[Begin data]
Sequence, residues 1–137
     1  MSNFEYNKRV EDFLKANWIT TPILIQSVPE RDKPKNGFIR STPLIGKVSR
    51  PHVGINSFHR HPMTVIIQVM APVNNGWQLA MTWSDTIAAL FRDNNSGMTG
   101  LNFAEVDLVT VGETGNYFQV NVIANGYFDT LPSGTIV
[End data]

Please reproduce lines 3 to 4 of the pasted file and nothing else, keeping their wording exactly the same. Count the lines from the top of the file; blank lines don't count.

    51  PHVGINSFHR HPMTVIIQVM APVNNGWQLA MTWSDTIAAL FRDNNSGMTG
   101  LNFAEVDLVT VGETGNYFQV NVIANGYFDT LPSGTIV